Sweet-Scented Seven-Son Flower: Heptacodium miconioides Blossoms Welcome Autumn . . .
Heptacodium miconioides in and amongst September garden favorites: Rudbeckia, Solidago, Miscanthus and Physocarpus opulifolius
It’s no secret that we northeastern gardeners struggle with a limited growing season. Bare trees for nearly six months is a bit much to take. We want to hold onto the glory of autumn. Where winters are long and summers are short, early and late blooming plants —especially those with expanded foliage/bark interest, spring through fall— are key to getting the most out of the gardening year. When it comes to extending interest in the latter part of the gardening season, it’s hard to beat the beauty ofÂ Heptacodium miconioides. Commonly known as Seven-Son Flower, this unusual, low-maintenance shrub or small tree (hardy in USDA zones 5-8 with a preference for full sun and average, well-drained garden soil), is just beginning to turn on her charm in early September, when many other blooming trees and shrubs have long since faded away.
Seven-Son Flower (Heptacodium miconioides). September’s Sweet-Scented BloomÂ
Fountain-shaped and substantial enough for the back or center of a large border (approximately 15-20′ high and 10′ wide), Seven-Son Flower may be grown as a multi-stem shrub or trained as a small tree. Shiny, medium green leaves cover branches throughout the growing year and then come late summer, Seven-Son Flower welcomes migrating Monarch butterflies. hummingbirds and bees with sweetly fragrant clusters of white flowers (each whorl containing seven blossoms).
But wait, as they say in late-night infomercials, there’s more! Although we gardeners would be more than happy with any shrub blooming this late in the growing season, the deliciously fragrant flowers are only half Heptacodium miconioides‘ surprise. After her blossoms fade, reddish purple fruit appears, surrounded by brilliant rose calyces. These spiky, sepal-like casings spread wide open, giving the appearance of a second flowering flush. I love the cherry red color against bone white tufts of feathery Maiden Grass. October surprise indeed! And just when you think the show is over, beautiful, two-tone exfoliating bark will take you by surprise as you stroll through the garden on the first frosty mornings of late fall and then continue on throughout the winter months.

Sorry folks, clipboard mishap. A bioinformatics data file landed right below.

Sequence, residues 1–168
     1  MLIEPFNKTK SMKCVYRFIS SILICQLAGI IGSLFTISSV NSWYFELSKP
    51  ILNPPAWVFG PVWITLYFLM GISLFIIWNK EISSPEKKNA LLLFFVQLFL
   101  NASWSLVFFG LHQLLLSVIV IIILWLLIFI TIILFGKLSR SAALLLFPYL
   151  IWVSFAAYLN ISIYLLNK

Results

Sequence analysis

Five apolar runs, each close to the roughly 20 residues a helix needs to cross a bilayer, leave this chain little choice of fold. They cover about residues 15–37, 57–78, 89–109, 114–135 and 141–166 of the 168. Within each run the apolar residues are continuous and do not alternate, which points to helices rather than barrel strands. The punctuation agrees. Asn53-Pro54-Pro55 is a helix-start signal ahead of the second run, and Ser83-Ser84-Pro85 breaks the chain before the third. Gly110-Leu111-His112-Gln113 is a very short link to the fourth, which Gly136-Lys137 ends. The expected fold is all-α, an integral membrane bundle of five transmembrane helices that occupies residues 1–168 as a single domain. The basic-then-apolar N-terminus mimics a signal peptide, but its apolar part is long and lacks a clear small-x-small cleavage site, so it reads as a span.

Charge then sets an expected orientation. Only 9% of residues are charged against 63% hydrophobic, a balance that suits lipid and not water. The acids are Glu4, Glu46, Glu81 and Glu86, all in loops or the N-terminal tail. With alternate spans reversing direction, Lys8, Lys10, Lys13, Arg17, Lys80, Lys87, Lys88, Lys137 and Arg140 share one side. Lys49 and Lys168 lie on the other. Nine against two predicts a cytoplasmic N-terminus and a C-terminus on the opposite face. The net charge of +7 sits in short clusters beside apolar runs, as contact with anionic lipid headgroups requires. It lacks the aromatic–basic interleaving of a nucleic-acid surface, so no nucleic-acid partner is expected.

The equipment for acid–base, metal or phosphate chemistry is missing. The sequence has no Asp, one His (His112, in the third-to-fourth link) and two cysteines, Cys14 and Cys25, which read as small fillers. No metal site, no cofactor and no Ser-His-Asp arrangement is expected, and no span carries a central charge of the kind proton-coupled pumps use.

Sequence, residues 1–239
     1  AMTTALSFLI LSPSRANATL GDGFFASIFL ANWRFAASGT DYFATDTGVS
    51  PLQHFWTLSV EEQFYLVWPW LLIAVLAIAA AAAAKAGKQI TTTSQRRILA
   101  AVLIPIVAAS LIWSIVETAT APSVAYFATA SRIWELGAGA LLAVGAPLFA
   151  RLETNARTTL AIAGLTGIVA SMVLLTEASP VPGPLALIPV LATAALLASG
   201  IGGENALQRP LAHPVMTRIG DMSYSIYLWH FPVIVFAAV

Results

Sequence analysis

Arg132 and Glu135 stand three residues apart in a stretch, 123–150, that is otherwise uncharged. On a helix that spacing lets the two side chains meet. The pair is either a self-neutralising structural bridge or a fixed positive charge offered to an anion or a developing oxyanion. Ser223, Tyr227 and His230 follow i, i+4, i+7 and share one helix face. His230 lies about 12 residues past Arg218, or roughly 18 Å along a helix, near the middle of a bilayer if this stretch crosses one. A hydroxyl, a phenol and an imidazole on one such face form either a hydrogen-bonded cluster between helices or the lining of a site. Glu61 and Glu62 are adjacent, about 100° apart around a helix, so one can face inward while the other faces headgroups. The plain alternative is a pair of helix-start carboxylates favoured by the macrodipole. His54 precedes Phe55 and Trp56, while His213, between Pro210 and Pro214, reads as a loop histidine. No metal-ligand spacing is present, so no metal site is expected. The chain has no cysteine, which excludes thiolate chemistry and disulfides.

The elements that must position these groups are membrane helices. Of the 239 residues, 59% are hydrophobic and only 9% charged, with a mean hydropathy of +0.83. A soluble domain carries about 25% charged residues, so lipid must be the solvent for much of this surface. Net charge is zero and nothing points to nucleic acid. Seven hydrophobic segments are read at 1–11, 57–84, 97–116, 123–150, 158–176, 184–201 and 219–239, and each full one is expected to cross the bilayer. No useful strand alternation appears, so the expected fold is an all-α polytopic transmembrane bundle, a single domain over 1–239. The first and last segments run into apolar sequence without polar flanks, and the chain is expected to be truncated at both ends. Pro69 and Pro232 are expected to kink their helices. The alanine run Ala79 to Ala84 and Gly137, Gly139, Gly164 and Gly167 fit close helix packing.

Rose Calyces with Wide-Open, Sepal-Like Form, Persist Late into the Autumn
Although this beauty can be a bit hard to find, she’s worth seeking out. I love her planted beside Physocarpus opulifolius ‘Diablo’ and Miscanthus sinensis purpurascens,Â supported by a cast of simple, late blooming perennials likeÂ Rudbeckia,Â Solidago, Aster and Chrysanthemum.Â Color and texture to extend garden beauty from late summer into autumn and early-mid winter. What a delight!
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